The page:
Truck or minivan or midsize SUV…no problem inside. This is a compact SUV based on a compact car.

Sell the stove in NH and buy a replacement in O.


“or get four guys with weak minds and strong backs . . .”

So that rules me out, because I’ve got a weak mind AND a weak back


The stove and the weight should not be an issue. The only issue is if you plow into someone and 400 pounds of cast iron rockets forward.
Lash it down and pack the rear seat with stuff; preferably softer stuff.

I came upon a head-on wreck one night and stopped to try and help get the guys out. The drunk who caused the accident was ok with just a minor head gash. The 2 guys in the pickup he hit were in bad, bad shape with heavy blood loss.
The pickup had some 5 gallon cans of roofing tar in the back and several of them went clean into the cab and burst open. What wasn’t covered in blood was covered in tar.
The ER was going to be on overload that night cleaning up the mess… :frowning:

The Buick the drunk was driving lost its motor and transmission when they ripped out their mounts, went through the radiator and grill, through a barbed wire fence, and landed 50 feet or so out into a wheat field.
The above might illustrate the word “momentum”. Drive carefully and never assume the other guy is going to do the right thing.

Can you dismantle the stove and spread the pieces around?(BTW,is it a Vermont Casting?) wood heat is expensive nowadays if you have to buy the wood(wood pellets are cheaper in some areas)
I basically use it for emergency heat and a booster,for thr heat pump system,this area is mostly forested and most people will not let you get firewood on their property and you need a permit to get dead and downed on “public land”

There is a movement starting to eliminate wood burning that I think is going to catch on like wild fire. There are are articles in the paper and letters to the editor talking about eliminating fire places, camp fires, and so on. I don’t agree and think its silly, but one might reconsider the long term viability of a wood burner near the left coast. I’m not sure who it is behind the movement.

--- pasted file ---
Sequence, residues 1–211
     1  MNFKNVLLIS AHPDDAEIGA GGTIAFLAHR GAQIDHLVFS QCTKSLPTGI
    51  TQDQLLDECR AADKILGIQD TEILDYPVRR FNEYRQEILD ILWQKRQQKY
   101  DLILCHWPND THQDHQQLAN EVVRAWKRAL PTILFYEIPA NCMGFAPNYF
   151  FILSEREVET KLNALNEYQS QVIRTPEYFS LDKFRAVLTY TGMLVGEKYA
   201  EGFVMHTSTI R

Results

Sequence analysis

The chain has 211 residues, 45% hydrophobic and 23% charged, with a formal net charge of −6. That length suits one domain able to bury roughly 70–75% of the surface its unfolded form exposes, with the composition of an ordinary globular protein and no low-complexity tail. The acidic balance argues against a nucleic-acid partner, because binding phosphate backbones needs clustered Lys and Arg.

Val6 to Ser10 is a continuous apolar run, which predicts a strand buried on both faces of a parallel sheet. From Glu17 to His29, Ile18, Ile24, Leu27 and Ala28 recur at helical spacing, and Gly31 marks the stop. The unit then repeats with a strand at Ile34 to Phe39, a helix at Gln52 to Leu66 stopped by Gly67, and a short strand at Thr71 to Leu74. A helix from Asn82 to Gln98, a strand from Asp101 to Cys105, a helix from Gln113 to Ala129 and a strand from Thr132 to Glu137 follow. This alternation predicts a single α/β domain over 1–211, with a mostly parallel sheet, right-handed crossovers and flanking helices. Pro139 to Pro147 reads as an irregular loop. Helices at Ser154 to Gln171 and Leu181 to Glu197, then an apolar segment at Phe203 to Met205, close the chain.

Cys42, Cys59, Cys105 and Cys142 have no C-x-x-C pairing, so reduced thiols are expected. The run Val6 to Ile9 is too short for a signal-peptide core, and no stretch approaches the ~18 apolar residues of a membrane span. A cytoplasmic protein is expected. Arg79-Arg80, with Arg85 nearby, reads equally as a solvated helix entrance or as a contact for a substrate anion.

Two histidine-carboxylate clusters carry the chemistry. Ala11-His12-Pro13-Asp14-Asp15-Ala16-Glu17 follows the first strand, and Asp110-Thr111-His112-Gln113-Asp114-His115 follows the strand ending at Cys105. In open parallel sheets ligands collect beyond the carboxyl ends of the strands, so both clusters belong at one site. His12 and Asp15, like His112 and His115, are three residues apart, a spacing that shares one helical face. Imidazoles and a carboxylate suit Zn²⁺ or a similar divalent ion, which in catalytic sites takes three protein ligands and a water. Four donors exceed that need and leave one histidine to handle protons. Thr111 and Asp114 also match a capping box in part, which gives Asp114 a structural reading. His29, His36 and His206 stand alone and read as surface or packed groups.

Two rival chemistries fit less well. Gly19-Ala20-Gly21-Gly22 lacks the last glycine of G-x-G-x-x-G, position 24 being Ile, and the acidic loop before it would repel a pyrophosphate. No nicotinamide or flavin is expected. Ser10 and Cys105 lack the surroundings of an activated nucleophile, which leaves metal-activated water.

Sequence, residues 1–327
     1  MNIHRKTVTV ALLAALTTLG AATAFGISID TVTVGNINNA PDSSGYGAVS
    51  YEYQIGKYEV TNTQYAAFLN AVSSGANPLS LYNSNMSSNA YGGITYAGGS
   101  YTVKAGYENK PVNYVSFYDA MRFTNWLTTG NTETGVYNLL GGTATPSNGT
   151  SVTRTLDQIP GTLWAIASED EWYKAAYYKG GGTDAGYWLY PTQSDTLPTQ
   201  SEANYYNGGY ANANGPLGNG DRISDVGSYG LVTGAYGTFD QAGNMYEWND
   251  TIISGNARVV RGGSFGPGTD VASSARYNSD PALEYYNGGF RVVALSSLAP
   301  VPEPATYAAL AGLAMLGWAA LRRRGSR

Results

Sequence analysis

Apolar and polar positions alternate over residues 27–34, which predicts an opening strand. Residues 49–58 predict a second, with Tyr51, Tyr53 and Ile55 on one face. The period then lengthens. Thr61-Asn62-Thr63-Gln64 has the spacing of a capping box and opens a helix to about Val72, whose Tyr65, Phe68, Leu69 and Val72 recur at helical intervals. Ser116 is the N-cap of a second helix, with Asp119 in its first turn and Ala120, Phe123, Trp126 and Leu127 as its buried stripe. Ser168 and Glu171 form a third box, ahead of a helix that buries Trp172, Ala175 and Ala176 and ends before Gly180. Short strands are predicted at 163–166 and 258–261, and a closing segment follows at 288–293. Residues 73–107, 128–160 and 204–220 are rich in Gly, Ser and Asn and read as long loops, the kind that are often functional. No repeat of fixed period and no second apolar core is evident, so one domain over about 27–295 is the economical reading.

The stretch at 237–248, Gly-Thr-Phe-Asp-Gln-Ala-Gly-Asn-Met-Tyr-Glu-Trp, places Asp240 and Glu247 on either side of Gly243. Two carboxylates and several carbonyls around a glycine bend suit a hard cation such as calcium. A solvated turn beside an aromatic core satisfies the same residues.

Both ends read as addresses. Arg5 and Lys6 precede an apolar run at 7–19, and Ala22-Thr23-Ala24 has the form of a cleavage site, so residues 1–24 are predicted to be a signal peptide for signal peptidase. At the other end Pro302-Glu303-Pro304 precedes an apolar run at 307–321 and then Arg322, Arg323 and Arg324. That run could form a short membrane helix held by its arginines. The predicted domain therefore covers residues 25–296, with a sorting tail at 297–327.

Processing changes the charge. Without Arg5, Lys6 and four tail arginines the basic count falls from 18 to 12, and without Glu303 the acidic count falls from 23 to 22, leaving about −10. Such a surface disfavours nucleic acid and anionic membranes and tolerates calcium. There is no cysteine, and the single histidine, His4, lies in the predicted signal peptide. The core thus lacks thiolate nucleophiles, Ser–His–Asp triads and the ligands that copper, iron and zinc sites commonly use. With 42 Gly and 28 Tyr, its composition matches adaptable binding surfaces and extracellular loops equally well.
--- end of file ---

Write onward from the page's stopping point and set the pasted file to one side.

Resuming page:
Drove through rural northern California several years ago. Layers of smoke hanging in the trees from all the wood burning. Cough, cough…

Besides what’s already mentioned…I wouldn’t put a used wood stove inside my vehicle. You’ll have to drive the whole way with the windows down. If it’s new…better have real good tie-downs.

oh my goodness, thank you everyone for all of your very detailed comments. We’re leaning towards a no for safety reasons at this point!

I’m on the fence here.
Will it actually FIT in there ? ( four people lifting 100+lbs each )
Can you tie it down ?
By the time you make something, like cardboard or wood, to slide it IN to the vehicle…THAT remains a sliding surface …and… One slip during braking or cornering…even acceleration…and you could bust out a window. An accident or evasive maneuver will turn it into a projectile.

On the bad side…; had a mechanic’s top tool box in the back of my hatchback…which slid a bit to the rear…and after a little driving, hearing it slightly tapping on the back window by now…BAM ! no more back window !
On the good side…; We used to STUFF my 92 Explorer to the gills with band gear and guys…or tow a trailer too…and have been all over the four corners and resevations and the only problem…just once …was scary brake fade trying to stop all that wieght.

IF you can get it in there without tearing up your interioir trim…
IF you can tie it down.
Then take it with you.

Otherwise …ship it …trailer it…or don’t take it at all.

@jliz You are thinking in the right direction in leaving the stove behind.